Google Privacy Tips

This article is more than 7 years old.

If you are concerned about Google's new privacy policy, which takes effect March 1, here are some suggestions to get you started on managing your personal data.

Don't Log In For Searches


One way to opt out is to use the Internet without logging in to a Google account, according to Jennifer Valentino-DeVries at the Wall Street Journal. "If you aren’t logged in, your searches won’t be tied to your identity," she says. "You can tell whether you’re logged in by checking the black bar that is now at the top of all Google pages."
Manage Your Google Services
For those who do log in to Google, there is no real way to entirely avoid having your data tied to your identity. But tech blogger Violet Blue recommends taking a personal inventory, starting with a visit to Google Dashboard to see a list of the Google products that have your history and data.
"There, you will see every Google service you use, the current privacy policies and links where you can manage (or delete) the information you’ve left there," she says. Blue notes that there are specific privacy policy changes for Chrome and Chrome OS, Books, and Wallet.
Remove Web History
To stop Google from tracking your web history and the search results you click on, log in to Google History and click "Remove All Web History." The Electronic Frontier Foundation has a step-by-step guide.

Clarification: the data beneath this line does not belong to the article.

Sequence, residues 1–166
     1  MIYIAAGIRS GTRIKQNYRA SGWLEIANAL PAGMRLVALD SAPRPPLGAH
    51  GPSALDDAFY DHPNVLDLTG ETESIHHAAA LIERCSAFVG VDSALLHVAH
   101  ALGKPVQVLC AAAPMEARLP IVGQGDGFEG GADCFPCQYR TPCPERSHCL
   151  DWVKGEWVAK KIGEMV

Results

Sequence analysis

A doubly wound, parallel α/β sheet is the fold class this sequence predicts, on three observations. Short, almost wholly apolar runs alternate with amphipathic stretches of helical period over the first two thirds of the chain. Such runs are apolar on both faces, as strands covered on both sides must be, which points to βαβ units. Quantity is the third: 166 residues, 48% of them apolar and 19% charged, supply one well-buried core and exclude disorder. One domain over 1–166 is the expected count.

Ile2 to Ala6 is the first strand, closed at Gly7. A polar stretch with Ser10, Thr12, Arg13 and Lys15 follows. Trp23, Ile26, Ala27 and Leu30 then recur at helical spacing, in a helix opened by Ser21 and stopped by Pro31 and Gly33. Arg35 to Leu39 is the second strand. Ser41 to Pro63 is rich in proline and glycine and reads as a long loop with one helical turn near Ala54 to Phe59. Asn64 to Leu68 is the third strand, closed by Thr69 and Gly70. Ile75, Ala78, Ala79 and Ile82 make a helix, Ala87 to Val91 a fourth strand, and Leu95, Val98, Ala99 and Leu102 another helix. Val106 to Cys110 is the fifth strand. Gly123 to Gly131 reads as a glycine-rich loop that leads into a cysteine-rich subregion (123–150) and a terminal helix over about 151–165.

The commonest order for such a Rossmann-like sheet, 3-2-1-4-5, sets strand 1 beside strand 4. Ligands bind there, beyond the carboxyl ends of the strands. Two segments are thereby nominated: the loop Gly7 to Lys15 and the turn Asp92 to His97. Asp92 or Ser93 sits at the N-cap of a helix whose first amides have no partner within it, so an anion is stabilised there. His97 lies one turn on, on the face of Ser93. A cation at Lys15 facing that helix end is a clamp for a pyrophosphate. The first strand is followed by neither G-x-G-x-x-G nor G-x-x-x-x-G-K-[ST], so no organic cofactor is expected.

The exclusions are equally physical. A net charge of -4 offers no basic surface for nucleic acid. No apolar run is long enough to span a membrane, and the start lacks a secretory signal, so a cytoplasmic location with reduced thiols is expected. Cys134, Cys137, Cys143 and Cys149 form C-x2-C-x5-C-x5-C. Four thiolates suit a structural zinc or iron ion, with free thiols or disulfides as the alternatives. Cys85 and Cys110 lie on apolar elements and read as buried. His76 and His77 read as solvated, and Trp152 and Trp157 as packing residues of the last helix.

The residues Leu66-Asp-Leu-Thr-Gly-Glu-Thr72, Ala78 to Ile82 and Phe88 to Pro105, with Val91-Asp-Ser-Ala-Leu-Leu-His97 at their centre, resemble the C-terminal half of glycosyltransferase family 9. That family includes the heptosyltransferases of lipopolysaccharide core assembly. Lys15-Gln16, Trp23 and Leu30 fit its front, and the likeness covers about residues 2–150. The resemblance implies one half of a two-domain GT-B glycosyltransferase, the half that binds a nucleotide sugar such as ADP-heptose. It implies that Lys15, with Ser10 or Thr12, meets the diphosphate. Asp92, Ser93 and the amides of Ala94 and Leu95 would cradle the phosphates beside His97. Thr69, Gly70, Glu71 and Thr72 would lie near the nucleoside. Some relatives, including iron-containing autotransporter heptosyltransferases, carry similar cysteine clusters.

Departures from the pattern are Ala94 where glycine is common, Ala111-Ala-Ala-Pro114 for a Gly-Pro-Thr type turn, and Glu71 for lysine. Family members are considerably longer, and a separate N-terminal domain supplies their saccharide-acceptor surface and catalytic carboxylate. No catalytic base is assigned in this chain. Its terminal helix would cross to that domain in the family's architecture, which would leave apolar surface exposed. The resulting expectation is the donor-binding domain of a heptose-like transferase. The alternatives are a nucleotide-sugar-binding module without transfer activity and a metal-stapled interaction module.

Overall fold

Turn Off Personalized Ads
Gizmodo's Brent Rose reminds us that personalized ads can be turned off, noting that with this new policy, Google's advertisements will be even more targeted to each user than before, because "it will be pulling from this larger, more unified, more personal shared data pool."  Rose says to turn off personalized ads, "go to your Ads Preferences Manager, click "Opt Out" under "Ads in Search and Gmail", and then again under "Ads on the Web"."

Leave Google All Together


Valentino-DeVries says it's possible to to leave Google services altogether, and take your data with you if you do. A Google engineering team called the Data Liberation Front has a website dedicated to helping users export their data.

This program aired on February 29, 2012. The audio for this program is not available.

Support the news

+Join the discussion
TwitterfacebookEmail

Support the news